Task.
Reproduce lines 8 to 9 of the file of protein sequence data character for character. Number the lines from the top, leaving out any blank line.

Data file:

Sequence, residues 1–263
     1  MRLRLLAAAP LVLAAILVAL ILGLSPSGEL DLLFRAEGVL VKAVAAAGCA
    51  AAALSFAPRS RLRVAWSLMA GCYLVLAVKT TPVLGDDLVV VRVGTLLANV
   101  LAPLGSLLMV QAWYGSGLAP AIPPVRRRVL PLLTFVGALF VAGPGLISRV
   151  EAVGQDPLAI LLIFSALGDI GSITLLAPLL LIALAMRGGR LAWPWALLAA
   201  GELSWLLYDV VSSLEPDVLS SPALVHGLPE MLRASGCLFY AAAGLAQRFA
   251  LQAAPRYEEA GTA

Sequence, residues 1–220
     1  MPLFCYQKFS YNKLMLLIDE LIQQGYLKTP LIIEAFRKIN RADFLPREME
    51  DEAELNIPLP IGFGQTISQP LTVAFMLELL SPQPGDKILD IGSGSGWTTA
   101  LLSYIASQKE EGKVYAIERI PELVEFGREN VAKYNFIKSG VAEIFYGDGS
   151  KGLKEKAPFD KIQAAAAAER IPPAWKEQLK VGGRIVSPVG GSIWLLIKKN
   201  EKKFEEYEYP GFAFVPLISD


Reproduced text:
Sequence, residues 1–220
     1  MPLFCYQKFS YNKLMLLIDE LIQQGYLKTP LIIEAFRKIN RADFLPREME